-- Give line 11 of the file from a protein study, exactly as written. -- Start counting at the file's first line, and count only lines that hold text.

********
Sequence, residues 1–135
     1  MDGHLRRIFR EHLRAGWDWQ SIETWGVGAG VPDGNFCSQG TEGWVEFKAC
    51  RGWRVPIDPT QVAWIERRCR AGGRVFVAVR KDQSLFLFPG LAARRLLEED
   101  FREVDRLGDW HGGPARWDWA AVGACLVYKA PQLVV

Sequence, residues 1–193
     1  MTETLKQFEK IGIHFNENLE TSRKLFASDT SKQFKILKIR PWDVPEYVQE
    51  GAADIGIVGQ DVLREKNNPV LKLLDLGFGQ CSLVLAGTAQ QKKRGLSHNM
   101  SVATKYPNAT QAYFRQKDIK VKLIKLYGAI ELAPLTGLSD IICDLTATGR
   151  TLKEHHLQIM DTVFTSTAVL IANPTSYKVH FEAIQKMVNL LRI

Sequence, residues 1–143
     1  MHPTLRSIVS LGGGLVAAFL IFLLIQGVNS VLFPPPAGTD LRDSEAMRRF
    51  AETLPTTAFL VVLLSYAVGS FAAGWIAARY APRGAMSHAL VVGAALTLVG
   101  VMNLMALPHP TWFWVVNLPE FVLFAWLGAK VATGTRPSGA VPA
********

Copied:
     1  MHPTLRSIVS LGGGLVAAFL IFLLIQGVNS VLFPPPAGTD LRDSEAMRRF